Another cyclist — no lights, no helmet; “Maybe I have a death wish,” he said — appeared out of the dark and asked if I needed any help. He took a look at my pedals and said, “Those are shit. Get yourself some Dura-Ace or some Speedplay.” “What?” I exclaimed. “Those are Look pedals.” It wasn’t until later it struck me what a lame response that was. My guess is that, absent some sort of impact that would cause a fracture, this kind of failure should happen approximately never. And I’m not aware of ever having crashed my bike hard enough to damage either of the two pedals that have broken this year.


[My intact left pedal and the broken right one.]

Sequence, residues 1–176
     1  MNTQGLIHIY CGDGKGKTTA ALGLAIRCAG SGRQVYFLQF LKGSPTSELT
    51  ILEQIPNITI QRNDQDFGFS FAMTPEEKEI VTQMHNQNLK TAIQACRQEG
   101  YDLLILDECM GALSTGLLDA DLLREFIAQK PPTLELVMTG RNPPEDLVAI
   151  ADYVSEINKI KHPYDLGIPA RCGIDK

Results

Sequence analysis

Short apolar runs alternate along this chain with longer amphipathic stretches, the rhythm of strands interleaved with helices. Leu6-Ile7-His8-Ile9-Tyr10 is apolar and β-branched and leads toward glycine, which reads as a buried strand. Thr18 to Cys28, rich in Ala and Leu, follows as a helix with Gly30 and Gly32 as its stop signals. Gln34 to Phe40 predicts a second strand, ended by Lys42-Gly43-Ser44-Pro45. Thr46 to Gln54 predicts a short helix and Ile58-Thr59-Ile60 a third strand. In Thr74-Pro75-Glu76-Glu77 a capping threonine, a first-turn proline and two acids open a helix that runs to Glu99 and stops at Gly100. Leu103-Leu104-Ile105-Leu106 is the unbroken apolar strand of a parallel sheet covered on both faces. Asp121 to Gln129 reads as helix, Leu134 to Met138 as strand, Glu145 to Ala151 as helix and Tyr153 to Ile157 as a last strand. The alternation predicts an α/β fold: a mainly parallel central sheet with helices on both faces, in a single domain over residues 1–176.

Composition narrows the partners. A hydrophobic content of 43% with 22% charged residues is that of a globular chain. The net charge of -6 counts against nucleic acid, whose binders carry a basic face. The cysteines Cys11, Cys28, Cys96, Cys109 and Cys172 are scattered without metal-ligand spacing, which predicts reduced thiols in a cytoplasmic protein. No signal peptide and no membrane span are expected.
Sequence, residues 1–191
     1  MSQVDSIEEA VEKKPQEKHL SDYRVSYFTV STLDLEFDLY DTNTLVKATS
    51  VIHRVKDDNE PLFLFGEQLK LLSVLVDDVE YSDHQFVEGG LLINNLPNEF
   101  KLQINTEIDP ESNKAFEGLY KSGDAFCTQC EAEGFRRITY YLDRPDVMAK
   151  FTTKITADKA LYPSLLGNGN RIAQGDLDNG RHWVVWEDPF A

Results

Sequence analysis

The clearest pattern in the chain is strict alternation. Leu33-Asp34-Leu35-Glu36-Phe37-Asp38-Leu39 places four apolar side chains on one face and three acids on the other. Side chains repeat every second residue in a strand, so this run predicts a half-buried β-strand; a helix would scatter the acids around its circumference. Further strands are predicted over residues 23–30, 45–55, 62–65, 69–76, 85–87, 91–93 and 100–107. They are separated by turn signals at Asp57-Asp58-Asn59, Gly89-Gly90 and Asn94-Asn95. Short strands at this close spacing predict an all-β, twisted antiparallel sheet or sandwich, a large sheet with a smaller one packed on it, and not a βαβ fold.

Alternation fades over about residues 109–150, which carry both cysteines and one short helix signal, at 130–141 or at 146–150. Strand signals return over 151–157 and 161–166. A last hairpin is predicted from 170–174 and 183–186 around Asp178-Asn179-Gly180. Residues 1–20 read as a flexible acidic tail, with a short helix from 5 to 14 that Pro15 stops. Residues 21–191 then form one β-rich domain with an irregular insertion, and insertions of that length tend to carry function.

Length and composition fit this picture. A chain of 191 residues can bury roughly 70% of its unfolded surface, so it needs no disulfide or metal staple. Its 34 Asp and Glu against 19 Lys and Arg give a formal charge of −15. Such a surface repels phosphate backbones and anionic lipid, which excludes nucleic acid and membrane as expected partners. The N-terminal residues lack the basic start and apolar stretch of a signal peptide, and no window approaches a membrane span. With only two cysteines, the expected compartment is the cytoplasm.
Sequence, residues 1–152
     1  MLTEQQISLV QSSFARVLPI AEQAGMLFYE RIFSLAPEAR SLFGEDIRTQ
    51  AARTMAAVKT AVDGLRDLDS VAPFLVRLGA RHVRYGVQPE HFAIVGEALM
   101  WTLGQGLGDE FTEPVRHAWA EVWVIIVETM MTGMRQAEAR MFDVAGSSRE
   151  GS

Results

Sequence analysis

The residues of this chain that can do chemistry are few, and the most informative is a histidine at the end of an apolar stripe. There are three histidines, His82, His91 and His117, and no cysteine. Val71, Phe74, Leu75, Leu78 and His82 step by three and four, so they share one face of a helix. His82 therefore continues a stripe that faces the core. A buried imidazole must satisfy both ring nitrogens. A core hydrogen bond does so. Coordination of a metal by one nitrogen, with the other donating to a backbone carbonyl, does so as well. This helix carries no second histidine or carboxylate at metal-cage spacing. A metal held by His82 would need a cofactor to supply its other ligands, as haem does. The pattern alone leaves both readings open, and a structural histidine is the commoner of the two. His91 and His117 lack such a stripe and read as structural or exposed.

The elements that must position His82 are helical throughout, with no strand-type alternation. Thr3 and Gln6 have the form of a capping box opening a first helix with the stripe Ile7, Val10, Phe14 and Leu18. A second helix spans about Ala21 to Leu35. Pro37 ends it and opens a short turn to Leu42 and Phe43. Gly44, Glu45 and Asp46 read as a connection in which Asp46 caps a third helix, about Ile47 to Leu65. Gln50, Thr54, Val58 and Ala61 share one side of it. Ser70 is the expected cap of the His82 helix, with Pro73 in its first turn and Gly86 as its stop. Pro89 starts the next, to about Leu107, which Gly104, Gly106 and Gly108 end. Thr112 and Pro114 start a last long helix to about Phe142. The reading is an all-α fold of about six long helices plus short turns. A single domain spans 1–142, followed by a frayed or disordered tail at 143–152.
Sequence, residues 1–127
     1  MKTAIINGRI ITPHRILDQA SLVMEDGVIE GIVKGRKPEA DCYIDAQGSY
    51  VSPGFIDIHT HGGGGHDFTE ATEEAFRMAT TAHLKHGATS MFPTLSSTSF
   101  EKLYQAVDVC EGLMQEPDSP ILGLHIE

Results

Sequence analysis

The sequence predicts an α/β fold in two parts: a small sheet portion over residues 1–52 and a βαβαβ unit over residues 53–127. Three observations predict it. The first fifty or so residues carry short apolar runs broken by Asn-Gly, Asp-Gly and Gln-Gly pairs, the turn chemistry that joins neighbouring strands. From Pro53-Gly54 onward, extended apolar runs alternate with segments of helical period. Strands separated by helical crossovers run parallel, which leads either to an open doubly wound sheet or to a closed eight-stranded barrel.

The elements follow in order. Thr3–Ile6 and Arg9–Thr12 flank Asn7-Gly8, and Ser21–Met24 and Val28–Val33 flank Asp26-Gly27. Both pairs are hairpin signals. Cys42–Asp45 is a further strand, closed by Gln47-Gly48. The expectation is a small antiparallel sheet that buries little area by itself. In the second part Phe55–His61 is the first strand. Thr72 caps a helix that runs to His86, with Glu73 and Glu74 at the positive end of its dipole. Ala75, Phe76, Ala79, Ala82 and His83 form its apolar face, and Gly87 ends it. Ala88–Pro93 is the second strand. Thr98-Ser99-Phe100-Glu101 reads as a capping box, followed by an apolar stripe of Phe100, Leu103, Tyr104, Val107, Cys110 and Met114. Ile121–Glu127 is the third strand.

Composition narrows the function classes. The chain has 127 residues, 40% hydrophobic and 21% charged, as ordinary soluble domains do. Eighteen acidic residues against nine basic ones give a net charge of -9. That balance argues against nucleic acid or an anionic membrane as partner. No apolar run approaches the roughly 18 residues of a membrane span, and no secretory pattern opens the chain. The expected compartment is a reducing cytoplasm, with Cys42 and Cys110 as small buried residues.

Anyway. Five miles from home. One pedal. I had to walk up one little bump of a hill on the way back to Berkeley. The rest was a cruise. But: It hadn’t really occurred to me how tough it might be to ride one-legged. There was no way to get up out of the seat for bumps, for instance. And since I was a little out of balance on the bike — I rode most of the way with my right foot on top of my seat post water-bottle cage and my right knee pointing way out to the side — I really didn’t feel safe letting myself go too fast; in fact, at speed it seemed unsafe to take my hands off the bars at all. So, to get back to Point Reyes: With a working front wheel I could have made it, probably. But it would have been a different kind of workout, and not much fun.